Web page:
Speaker 2: Right. If you want to put in more batteries, you certainly can run your air conditioning. When I explain to people how to do it, you have to put a soft start on the AC, which we sell those too, from Micro Air, the easy starts. But what I explain to people is this. I say to them, “Hey, listen, here’s how this air conditioning thing works. You have a lot of power, you don’t want to waste it all on air conditioning. But if you stop at the supermarket on your way into somewhere and you got your dog in the van, you can run the AC for an hour or 45 minutes while you’re shopping, then come back out and drive off and be recharged by the time you get back to the camp. Then you don’t have to worry about anything happening to your dog.
Speaker 2: That’s the kind of circumstances I see using the AC, or if you get back from a hike or something, you want to cool down real quick. That’s the best case to use it in.
Speaker 1: And how does it all work with solar, just like an AGM, it triple charges the solar?
Speaker 2: Yeah, for sure. As a matter of fact it’ll charge more efficiently off solar than AGM batteries will. So, it’s like basically most people that put it up there say, “I feel like I got an extra panel in the roof now because I’m charging so much more efficiently.
Speaker 1: Where do you see all this going in the next five years?
Speaker 2: Lead is dead. That’s where it’s going. Lead is dead. I’m telling you, it’s worthless. It’s been a long time. There hasn’t been a technological advance in lead acid batteries since before I was born in 1975. It’s time for a new technology, lithium iron phosphate is already strong enough and good enough to be the next LED light bulb.
The interview of the week is brought to you by SunshinestateRVs.com, where every new or used motorhome is delivered to the customer free, anywhere in the country
OFF THE BEATEN PATH REPORT – Ninepipes Museum
By Tom & Patti Burkett
Bud Cheff and his wife Adelle arrived at Montana’s Flathead Lak in 1932. They staked a claim in the Mission valley below the Rattlesnake Mountains. For nearly a hundred years, the ranch has been known for the Angus cattle raised there, and for an imposing herd of Texas longhorns, which were rounded up and driven on horseback from summer pastures to their wintering ground on the ranch proper. Eventually houses and yards filled up the intervening miles, and the longhorns went off to live somewhere else. In addition to the cattle, the Cheffs are well-known for their outfitting and guided tours into what’s now the Bob Marshall Wilderness. Bud’s son, and eventually his grandson, became the operators of the camp and guest ranch, which still operates today.
All of this is prelude to the story of the museum. Bud spent his adult life roaming the Mission Valley and became fast friends with many of his neighbors on the Flathead Reservation. These members of the Salish, Kootenai, and Pend d’Oreille tribes shared much the same life and work as the young rancher. Eventually, as his children and theirs grew up together, he became a partner in conserving their culture and promoting tribal interests. The Ninepipes Museum of Early Montana History is on US 93 north of Missoula. It gathers together the mementos of this shared life, along with other related artifacts contributed by members of the Flathead Nation.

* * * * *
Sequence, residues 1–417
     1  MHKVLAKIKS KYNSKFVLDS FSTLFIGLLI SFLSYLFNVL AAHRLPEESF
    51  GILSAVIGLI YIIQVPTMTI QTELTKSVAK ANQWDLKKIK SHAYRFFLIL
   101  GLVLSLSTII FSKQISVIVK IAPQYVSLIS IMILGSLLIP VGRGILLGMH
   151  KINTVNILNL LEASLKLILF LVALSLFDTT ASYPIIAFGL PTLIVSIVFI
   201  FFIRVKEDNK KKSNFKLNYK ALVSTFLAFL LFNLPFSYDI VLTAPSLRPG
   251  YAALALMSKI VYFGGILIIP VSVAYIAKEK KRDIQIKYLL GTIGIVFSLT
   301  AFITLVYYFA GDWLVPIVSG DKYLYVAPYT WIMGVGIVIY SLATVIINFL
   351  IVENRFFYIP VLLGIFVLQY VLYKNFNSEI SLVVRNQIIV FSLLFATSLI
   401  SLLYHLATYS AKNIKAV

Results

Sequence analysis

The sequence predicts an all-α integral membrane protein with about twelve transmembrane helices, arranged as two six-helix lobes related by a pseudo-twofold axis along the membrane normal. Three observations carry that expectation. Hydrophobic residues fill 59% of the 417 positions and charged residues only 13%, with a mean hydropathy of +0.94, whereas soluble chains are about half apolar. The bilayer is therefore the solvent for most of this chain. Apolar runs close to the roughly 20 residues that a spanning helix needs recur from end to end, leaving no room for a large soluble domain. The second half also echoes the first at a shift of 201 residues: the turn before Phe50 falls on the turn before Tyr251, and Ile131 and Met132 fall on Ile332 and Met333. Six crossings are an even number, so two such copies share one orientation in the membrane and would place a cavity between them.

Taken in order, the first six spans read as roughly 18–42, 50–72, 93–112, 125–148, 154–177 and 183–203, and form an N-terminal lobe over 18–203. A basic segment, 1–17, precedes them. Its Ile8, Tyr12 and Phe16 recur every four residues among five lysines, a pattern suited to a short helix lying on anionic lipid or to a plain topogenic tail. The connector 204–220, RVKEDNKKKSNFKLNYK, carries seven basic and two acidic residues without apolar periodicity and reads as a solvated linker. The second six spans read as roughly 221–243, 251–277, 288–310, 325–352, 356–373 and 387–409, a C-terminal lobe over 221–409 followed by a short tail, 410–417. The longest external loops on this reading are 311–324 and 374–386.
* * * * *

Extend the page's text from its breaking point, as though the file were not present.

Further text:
The front of the museum is a gallery and gift shop that features the work of Montana artists, including Native Americans. The museum is not large, but the collection is dense, with almost every item a gem.
The museum experience includes a narrated tour (on headphones) by Bud Cheff himself, telling about the individual items and where they came from. It’s peppered with anecdotes from his life with the Flathead people, some poignant, some hilarious, and all interesting. A collection of photos in the back of the museum illustrates daily life a hundred years ago and shows the process by which the natives were “Americanized” and how they eventually reasserted their sovereignty and tribal culture.
One of the most interesting and beautiful things we saw there was a winter count. For thousands of years, history was preserved among Plains tribes by oral historians, or keepers. The winter count is a pictorial record used by the keeper as a memory and teaching aid. Each year, the keeper consults with the tribal elders to select one symbol to represent the year, usually associated with a significant event. The symbol is added to the winter count and becomes part of the historical record. Originally painted on bison hides, these records are now kept on a variety of surfaces. The one at the Ninepipes Museum is exquisitely done.
Just down the road is the Saint Ignatius mission, which ties into a story from the museum. Many members of the Flathead tribes were converted to Christianity by early missionaries to the area. Several times in the 1880s and early 1890s the tribes requested a black brother (a priest) from church leaders in the East. Five were dispatched during the period, and the first four were killed enroute. The fifth one arrived safely and parish members built the current church in 1891.
In 1903, Brother Joseph Carignano arrived. Born in Italy, he worked as the mission’s cook, but during his stay painted more than fifty frescoes in the church. They represent well-known stories from the Bible, but among the traditional characters are ones who look like the Salish and Kootenai parishioners. It’s a stunning sight, and you, too, can sit in a pew and meditate on it’s message if you watch out for the unexpected, out here off the beaten path.
RV CALENDAR OF EVENTS
- April 4-6, Colorado Springs RV & Travel Expo, Colorado Springs Events Center, Colorado Springs, CO
- April 5-7, BC Interior RV Show, Penticton Trade & Convention Centre, Penticton, BC, Canada
- April 6-7, Vacationland RV & Camping Show, Norway Savings Bank